DNA left at the scene of a woman’s 1993 stabbing death in south Minneapolis helped lead authorities to her suspected killer decades later, police said Tuesday.

The 52-year-old man, a married father of two grown children from Isanti, was arrested by members of the Police Department’s Violent Criminal Apprehension Team in Waite Park, next to St. Cloud. He was booked into Hennepin County jail late Monday, where he is being held without bail on suspicion of murder. He has yet to be charged, and the Star Tribune generally does not identify suspects before they are charged.

Jeanne Ann “Jeanie” Childs, 35, was found stabbed to death in the bedroom of her apartment in the 3100 block of Pillsbury Avenue on the afternoon of June 13, 1993. In a particularly deadly year when the city logged 56 homicides, her killing received scant news coverage.

After the medical examiner’s office classified her death as a homicide, police began to investigate. But with few leads, the trail eventually went cold. That was until 2015, when advances in DNA testing prompted authorities to take another look at the case. Samples of an unknown DNA profile found at the crime scene were shipped off to the BCA and an unnamed “private DNA company,” police said.

A break came after detectives ran the sample through an online genealogy website, relying on a process that countless others have used to find long-lost relatives and map out their family trees. In recent years, the controversial tactic has been used in other parts of the country to solve years-old cases.

“We all hope Jeanne’s family can finally find peace as a result of this tenacious effort by officers and agents,” said Jill Sanborn, special agent in charge of the FBI’s Minneapolis field office, whose agency joined city police, the state Bureau of Criminal Apprehension and the Hennepin County Sheriff’s office on the case. “This case underscores law enforcement’s ability use every tool at its disposal to crack a case.”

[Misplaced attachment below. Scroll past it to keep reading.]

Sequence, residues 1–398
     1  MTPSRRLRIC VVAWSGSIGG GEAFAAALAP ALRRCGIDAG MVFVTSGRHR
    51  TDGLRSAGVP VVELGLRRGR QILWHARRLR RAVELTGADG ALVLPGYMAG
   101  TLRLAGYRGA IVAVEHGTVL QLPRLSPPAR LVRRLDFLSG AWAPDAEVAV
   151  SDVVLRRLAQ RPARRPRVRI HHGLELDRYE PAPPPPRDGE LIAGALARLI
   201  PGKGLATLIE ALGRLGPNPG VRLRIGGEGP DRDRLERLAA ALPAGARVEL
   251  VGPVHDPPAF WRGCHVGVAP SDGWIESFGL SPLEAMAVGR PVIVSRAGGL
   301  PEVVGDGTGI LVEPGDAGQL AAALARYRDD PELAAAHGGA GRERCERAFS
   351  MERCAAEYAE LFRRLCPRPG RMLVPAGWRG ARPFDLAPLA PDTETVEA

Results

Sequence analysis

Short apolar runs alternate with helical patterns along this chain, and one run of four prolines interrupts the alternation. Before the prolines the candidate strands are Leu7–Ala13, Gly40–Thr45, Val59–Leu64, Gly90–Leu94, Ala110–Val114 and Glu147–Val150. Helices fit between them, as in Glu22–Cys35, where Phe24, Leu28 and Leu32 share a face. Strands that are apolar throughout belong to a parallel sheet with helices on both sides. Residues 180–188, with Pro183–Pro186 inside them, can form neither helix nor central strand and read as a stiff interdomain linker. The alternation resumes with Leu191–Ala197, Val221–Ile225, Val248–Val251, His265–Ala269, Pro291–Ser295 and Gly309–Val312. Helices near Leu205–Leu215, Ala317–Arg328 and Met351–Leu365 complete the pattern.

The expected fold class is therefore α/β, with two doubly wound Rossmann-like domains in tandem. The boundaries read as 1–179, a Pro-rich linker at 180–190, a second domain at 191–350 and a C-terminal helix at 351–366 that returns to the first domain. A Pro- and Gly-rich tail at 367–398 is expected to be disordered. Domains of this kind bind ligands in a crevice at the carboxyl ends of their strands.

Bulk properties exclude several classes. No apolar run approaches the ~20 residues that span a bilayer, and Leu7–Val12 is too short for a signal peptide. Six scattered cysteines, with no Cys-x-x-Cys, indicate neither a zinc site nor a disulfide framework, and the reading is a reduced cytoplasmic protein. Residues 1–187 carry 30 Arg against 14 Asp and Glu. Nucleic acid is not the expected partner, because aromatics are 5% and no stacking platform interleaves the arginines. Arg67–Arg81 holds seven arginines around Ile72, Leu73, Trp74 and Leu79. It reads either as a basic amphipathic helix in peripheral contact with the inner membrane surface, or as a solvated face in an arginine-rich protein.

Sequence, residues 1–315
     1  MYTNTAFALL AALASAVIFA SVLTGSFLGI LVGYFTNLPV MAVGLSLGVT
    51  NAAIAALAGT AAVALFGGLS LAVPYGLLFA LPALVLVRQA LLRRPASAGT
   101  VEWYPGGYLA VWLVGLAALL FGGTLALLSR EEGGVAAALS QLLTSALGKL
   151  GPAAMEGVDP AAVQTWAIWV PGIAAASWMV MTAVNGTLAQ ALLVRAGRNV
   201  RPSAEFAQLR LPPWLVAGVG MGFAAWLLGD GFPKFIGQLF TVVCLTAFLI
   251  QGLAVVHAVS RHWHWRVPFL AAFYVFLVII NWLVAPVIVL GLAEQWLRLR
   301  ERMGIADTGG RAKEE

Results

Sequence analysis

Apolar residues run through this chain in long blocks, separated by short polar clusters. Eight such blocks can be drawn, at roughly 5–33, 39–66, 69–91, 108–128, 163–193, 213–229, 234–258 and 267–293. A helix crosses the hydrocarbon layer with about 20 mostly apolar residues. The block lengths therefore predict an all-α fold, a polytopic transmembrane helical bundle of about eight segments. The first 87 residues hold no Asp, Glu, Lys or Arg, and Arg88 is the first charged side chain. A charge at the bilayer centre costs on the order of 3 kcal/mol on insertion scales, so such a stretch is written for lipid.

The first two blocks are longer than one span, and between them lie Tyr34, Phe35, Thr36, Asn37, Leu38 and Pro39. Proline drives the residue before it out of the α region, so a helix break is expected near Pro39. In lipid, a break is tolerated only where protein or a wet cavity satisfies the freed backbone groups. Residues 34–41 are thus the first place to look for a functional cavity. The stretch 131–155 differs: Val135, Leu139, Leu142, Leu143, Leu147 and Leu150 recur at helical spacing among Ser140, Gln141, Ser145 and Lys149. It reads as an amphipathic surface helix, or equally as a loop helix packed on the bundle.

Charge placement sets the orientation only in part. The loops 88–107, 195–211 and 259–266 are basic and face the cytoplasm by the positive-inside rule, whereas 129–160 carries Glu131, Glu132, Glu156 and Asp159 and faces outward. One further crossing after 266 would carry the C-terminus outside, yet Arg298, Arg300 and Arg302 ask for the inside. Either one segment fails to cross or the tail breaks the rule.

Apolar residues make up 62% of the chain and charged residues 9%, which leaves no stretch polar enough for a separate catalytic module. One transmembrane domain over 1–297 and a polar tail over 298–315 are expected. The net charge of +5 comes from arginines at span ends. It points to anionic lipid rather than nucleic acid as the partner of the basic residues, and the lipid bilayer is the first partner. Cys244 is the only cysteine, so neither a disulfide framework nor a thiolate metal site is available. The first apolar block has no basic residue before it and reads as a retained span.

Her mother, Betty Eakman, said Jeanne deserves justice. “My daughter was stabbed about 38 times and no matter what went on in her life … she was my daughter, and I loved her,” she told KMSP-TV news.

After Tuesday’s announcement, city leaders commended the investigators on the case, with police Chief Medaria Arradondo saying the arrest was an example of how “our efforts to increase public safety and ensure justice has no timeline.”

Police spokesman John Elder told reporters at a news conference Tuesday that a motive for the slaying may be revealed in charging documents. He said the victim and suspect had no known relationship, making it a “horribly difficult” case to crack.

“That’s what makes these sort of cases so hard to solve,” he said. “Through forensics and updated technology we’re able to come back and get people placed under arrest for crimes they committed long ago,” he said.

When reached by phone Tuesday, the suspect’s father said his son was living and working in Minneapolis at the time of Childs’ death and had yet to marry his now-wife.

Asked whether his son confided or even hinted of a deadly criminal deed, the man said, “No, I never knew about it.”

The man said he spoke with his son’s wife Tuesday morning, and “she heard about him being in jail but didn’t give me the particulars” about why.

He said the suspect was raised in the Elbow Lake area, about 30 miles northwest of Alexandria. According to the man’s blog, which had gone dormant in recent months, the suspect spent years working as a commodity broker “in the field of crop revenue management and helped craft the farm bill known as the Agricultural Act of 2014,” before turning to farming.

Court records show that the suspect has a minor criminal history, including a brief jail stint in 2015; he got off probation a year ago Tuesday after being convicted in Stearns County of trying to solicit a prostitute. Minneapolis police confirmed Tuesday that the man had been on the radar of authorities in Isanti County in an unrelated matter.

The arrest comes less than two months after police announced a breakthrough in another cold case from the early 1990s. In mid-December, authorities arrested and later charged a man in the 1991 stabbing death of 20-year-old Belinda Thompson, also on the city’s South Side.